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So I was reading the chapter on Op Amps in Microelectronic circuits by Sedra, Smith, the topic on Differential Amplifiers to be exact.

Here's the amplifier: https://i.stack.imgur.com/3qWzi.png

To get this to behave as a differential amplifier, it had been proved that R1/R2 = R3/ R4, and the using this condition, the final gain turns our to be R2/R1.

That seemed simple enough, but I didn't get the following statement:

Note that if the amplifier is required to have a large differential gain, then R1 of necessity will be relatively small and the input resistance will be correspondingly low, a drawback of this circuit. Another drawback of the circuit is that it is not easy to vary the differential gain of the amplifier. Both of these drawbacks are overcome in the instrumentation amplifier discussed next.

Here, what exactly do they mean by "it is not easy to vary the differential gain of the amplifier"? It's just R2/R1, so that should be easy enough to manipulate, right?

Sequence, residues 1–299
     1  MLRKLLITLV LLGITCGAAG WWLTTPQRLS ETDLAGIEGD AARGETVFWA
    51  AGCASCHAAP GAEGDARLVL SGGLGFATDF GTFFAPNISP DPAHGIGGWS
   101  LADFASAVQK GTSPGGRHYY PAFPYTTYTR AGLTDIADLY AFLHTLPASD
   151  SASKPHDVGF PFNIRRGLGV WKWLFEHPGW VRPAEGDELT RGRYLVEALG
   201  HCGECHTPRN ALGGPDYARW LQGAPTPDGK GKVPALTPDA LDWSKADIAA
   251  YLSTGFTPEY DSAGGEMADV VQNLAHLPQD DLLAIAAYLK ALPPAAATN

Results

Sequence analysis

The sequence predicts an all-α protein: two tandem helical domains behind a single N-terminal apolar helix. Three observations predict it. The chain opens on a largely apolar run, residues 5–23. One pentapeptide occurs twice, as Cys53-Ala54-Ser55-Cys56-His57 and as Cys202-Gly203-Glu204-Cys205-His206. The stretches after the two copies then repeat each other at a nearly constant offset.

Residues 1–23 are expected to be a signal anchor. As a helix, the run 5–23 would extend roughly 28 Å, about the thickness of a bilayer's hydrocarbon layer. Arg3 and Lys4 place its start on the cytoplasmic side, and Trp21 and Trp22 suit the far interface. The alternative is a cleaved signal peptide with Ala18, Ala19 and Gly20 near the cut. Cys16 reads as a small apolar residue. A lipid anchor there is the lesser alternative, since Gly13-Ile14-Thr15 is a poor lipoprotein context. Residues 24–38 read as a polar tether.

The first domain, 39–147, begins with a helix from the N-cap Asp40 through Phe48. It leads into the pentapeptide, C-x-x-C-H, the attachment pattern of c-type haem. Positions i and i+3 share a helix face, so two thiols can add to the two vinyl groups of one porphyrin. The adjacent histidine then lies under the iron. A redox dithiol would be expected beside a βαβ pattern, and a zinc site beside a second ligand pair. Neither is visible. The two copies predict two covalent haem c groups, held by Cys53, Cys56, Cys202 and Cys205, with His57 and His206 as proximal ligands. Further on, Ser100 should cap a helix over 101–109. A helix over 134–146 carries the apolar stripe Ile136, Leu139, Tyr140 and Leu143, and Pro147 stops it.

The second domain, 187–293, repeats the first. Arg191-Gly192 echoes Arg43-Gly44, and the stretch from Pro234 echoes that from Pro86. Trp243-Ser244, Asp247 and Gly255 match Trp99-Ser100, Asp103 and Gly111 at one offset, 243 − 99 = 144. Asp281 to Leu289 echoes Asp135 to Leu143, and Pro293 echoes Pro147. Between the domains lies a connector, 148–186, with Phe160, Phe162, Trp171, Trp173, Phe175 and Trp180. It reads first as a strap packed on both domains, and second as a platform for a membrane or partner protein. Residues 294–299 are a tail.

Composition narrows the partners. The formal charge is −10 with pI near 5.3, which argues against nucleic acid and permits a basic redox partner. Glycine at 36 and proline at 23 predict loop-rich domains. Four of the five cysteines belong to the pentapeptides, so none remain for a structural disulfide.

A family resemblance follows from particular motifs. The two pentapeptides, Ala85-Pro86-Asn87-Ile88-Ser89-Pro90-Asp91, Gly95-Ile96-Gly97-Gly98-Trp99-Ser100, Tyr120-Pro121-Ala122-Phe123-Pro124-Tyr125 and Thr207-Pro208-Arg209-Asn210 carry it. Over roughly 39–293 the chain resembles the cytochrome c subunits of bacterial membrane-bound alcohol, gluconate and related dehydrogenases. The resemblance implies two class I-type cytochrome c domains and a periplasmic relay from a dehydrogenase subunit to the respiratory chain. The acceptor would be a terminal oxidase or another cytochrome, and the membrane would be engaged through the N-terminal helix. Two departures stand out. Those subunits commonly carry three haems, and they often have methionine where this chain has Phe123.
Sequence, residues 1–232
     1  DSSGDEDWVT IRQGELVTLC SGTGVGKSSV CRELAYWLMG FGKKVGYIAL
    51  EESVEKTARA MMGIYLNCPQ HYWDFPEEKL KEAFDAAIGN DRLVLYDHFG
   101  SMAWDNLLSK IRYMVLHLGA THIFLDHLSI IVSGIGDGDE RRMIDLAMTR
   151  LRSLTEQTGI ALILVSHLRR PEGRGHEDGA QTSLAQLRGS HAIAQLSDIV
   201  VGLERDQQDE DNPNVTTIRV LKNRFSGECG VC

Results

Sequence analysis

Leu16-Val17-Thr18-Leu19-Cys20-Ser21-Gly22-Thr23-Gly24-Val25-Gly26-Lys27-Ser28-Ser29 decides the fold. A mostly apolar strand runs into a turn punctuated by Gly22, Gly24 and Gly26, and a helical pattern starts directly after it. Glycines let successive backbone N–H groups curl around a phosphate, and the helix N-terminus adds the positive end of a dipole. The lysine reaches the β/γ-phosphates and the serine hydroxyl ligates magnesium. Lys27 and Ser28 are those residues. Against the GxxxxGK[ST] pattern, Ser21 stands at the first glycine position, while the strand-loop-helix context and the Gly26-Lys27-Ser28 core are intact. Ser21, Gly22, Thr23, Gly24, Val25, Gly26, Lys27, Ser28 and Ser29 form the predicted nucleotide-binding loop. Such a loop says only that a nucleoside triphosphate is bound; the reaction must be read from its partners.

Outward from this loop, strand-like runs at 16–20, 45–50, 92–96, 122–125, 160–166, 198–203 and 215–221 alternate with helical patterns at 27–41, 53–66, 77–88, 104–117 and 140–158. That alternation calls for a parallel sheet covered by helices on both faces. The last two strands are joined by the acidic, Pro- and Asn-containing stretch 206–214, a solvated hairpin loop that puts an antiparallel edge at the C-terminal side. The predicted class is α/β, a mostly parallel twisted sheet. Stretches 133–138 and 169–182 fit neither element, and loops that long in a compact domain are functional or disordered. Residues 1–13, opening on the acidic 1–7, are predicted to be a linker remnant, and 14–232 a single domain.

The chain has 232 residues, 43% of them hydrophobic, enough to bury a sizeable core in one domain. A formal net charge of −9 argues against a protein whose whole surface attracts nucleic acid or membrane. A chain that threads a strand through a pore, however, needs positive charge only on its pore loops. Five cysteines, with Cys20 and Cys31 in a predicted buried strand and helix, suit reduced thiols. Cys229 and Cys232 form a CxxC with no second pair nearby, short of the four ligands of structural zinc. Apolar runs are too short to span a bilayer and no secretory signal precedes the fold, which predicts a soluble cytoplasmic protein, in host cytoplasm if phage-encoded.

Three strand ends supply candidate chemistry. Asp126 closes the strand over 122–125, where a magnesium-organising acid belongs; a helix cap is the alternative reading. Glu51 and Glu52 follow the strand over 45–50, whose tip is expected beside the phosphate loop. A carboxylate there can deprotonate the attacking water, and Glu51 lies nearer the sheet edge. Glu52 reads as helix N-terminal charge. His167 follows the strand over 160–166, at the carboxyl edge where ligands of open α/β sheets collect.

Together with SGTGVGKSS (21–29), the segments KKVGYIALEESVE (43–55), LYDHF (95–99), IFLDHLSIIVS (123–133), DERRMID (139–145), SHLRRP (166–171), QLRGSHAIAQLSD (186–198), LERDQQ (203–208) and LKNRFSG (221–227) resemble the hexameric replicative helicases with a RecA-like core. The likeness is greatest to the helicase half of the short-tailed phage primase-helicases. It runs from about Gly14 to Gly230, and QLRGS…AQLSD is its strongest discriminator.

Thanks in advance.

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  • \$\begingroup\$ Regarding the input resistance of this 1-opamp differential amplidier, it is not the same for both circuit inputs. It is equal to R1 for the inverting input and it is R3 + R4 for the non-inverting input. You can make both input resistances high and equal... and also to adust the gain only by one resistor with a 3-opamp circuit of a more sophisticated differential amplifier known as "instrumentation amplifier". \$\endgroup\$ – Circuit fantasist Aug 14 at 11:00
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what exactly do they mean by "it is not easy to vary the differential gain of the amplifier"

They mean that if you want to change the gain on-the-fly then you have to adjust R1 and R3 simultaneously and that's a lot of bother. The InAmp only has one gain set resistor and is easily changed and doesn't screw with common-mode rejection either.

enter image description here

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